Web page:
That’s a very nice thing to say. I don’t think it’s true. I would like to believe that. I would like to think that. I would like to agree with that.
If you think about it in those terms, it must be pretty rewarding.
Well… yeah, it is in a way. It’s tough because honestly each record we made has been a tremendous struggle. It really has. We’re doing it on a small budget, and not just that, the logistics of being able to do this, keeping people motivated, keeping the lineup together, and keeping my life such that I can be able to do this in the most expensive city in the country. It’s seriously challenging.
If it wasn’t, I wouldn’t be doing it, I suppose. I come to these places and people know all the words and all that stuff. I can go to Europe there are seas of people that know the words to my song a — not deep seas, but small lakes of people.
That must be rewarding! And in a way, although I’d rather be hugely successful, I have absolutely no trouble admitting that! Just like every band that is stupid enough to try to convince people that they don’t want to be successful, which is the most ridiculous thing in the world. Even though I’d like to be more comfortable, there could be a very strong argument made that the reason the quality has maintained to whatever extent it is because we have not been successful.
This last record was a lot of stress, a lot of agitation, a lot of difficulty — that may have caused but it sounds livelier. Some the best art comes out of things like holocausts. And a lot of people rest on their laurels and become really rich and famous and popular and they put out garbage, you know. Not everyone but in most cases I would say it’s probably true. There’s nothing like the conqueror. They’re not ambitious anymore.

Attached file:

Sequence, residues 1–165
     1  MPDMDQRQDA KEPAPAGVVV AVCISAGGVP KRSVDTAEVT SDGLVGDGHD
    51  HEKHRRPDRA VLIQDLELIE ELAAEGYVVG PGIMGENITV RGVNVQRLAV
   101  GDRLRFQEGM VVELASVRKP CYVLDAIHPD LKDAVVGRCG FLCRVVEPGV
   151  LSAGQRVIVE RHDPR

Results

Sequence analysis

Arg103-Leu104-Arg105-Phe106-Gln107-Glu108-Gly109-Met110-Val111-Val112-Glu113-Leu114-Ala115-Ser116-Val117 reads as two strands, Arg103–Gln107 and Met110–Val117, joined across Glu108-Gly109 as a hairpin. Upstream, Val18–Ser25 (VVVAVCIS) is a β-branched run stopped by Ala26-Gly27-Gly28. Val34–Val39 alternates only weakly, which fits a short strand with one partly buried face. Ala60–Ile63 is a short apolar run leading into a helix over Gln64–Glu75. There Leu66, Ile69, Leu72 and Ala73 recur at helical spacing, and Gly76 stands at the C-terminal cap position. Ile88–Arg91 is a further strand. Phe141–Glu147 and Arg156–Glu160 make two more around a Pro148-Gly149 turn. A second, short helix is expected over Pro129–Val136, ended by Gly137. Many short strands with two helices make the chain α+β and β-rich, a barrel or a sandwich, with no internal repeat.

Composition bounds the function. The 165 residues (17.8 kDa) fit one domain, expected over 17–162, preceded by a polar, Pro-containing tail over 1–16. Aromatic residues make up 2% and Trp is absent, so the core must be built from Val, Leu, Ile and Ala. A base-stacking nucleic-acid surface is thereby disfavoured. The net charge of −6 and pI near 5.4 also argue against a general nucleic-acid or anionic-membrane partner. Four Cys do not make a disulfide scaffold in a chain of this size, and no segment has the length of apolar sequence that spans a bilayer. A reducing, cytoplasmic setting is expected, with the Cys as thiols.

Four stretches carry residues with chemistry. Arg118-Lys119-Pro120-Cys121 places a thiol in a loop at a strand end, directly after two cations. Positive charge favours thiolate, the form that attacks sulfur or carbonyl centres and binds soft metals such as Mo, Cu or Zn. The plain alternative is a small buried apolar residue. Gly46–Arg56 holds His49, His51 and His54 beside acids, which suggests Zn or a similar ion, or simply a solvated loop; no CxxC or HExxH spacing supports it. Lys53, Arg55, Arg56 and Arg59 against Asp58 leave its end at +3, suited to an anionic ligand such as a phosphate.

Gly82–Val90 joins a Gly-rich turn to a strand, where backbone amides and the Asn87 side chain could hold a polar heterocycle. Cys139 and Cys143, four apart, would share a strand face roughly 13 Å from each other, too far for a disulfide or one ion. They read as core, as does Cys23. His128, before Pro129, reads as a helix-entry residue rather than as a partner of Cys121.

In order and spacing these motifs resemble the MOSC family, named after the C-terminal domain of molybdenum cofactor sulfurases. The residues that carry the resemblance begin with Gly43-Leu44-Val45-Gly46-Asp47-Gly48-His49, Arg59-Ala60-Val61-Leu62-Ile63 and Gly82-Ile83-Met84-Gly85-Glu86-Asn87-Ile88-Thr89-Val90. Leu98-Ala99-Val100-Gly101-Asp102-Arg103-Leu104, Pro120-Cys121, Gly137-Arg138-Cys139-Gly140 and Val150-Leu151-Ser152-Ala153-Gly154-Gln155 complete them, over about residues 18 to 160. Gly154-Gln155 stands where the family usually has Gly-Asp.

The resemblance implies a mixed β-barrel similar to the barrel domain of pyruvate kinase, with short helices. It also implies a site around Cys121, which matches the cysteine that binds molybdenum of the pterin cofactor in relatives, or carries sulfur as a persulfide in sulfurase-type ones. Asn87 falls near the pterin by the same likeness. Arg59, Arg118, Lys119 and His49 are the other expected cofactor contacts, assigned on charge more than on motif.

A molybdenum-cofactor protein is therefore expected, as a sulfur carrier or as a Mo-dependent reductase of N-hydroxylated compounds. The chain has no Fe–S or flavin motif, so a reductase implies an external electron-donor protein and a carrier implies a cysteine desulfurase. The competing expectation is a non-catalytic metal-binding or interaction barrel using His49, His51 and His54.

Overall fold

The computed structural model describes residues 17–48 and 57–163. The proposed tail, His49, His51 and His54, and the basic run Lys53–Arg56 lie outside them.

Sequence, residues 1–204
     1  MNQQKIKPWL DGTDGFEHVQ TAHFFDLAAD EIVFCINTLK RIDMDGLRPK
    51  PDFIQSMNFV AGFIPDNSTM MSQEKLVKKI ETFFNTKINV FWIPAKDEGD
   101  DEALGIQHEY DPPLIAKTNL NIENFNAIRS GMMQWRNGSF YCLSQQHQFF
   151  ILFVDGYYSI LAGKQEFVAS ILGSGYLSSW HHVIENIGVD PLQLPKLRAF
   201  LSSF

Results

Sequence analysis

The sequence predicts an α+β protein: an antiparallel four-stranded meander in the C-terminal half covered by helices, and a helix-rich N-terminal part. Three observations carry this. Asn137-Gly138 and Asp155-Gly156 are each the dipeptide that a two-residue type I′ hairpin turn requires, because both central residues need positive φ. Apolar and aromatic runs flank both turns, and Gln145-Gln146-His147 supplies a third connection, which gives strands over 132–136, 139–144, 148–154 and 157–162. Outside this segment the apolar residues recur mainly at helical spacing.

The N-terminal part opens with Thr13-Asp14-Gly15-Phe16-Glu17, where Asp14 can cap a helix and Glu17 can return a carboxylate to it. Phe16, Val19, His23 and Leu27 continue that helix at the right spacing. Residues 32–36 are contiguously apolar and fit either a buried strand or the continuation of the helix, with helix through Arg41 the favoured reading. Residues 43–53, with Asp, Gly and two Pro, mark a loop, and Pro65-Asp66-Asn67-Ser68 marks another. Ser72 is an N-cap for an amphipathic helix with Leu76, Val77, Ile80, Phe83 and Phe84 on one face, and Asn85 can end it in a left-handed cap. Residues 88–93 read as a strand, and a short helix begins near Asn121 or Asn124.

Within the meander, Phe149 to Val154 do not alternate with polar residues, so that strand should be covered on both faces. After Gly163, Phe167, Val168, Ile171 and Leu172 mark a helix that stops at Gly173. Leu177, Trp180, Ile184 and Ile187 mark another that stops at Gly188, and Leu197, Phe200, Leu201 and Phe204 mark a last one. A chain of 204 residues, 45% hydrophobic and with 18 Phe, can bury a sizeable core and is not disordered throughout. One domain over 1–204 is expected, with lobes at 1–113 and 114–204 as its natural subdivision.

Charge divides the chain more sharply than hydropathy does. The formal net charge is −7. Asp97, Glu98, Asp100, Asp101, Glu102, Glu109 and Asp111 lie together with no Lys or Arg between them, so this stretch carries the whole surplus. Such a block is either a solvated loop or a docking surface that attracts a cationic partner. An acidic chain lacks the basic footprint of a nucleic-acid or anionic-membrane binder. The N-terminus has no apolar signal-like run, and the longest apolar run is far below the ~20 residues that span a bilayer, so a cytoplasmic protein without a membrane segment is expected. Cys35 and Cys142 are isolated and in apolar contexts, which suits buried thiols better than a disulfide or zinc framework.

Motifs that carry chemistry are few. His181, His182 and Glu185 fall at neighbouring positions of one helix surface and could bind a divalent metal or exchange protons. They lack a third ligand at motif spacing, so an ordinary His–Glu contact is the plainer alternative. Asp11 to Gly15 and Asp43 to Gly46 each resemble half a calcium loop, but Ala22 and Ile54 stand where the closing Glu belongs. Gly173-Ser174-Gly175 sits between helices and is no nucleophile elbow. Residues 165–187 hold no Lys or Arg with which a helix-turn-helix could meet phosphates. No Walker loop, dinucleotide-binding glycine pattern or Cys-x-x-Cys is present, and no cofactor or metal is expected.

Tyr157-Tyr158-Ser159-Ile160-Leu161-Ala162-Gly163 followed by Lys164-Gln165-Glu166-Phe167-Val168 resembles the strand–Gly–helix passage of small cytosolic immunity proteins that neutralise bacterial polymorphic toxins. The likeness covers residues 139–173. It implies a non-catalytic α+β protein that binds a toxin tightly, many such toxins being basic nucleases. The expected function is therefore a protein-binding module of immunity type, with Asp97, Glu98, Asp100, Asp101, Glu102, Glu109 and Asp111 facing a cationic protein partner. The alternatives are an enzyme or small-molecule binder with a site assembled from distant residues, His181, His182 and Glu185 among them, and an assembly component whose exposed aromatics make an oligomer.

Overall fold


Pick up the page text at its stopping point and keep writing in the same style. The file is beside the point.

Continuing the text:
One form of success is kind of inspiring other people.
That’s the most rewarding thing about doing this. Having people saying, “I’ve been listening to you since I was young and now I have a band…”
You had some of your other job as a philosophy professor cross over into the Slough Feg, certainly on New Organon. Has it ever gone the other way and had metal cross into your classroom?
So walk into the classroom and by mistake start yelling heavy metal lyrics instead of Aristotle? I’ve made references; I’ve gone “Descartes, Evil Genius, Evil Deceiver, doesn’t that sound like a Judas Priest song?” That’s about as far as I go.
With the new album, you will impart 2,000-plus years of philosophy upon a bunch of metalheads.
I suppose. Again, that’s a very ambitious statement. I hope that I’m doing something near that. What I’m hoping is that the ideas in this record, the song titles; they’ll go “I kind of like that song, but it’s called ‘Being and Nothingness,’ what’s that?” They look it up and it’s John-Paul Sartre’s existentialism. “Maybe I should check that out.” That would be cool.
“The Apology” — “Oh that’s actually one of Plato’s dialogues; maybe I should check it out. Oh, wow, the lyrics are in there, this is about something, this about something interesting.”
We often talk about what is “metal” and what is not. Though some may question how “metal” college philosophy courses are, obviously in your mind “metal” is more than just songs about Satan.
Philosophy has always been kind of metal. Bands have always written about Nietzsche and all that shit, whether they understand it or not. And as far as Satan goes, you can fit Satan into anywhere. It’s easy.
New Organon released today (EU/digital) via Cruz Del Sur Music (NA physical release is next Friday).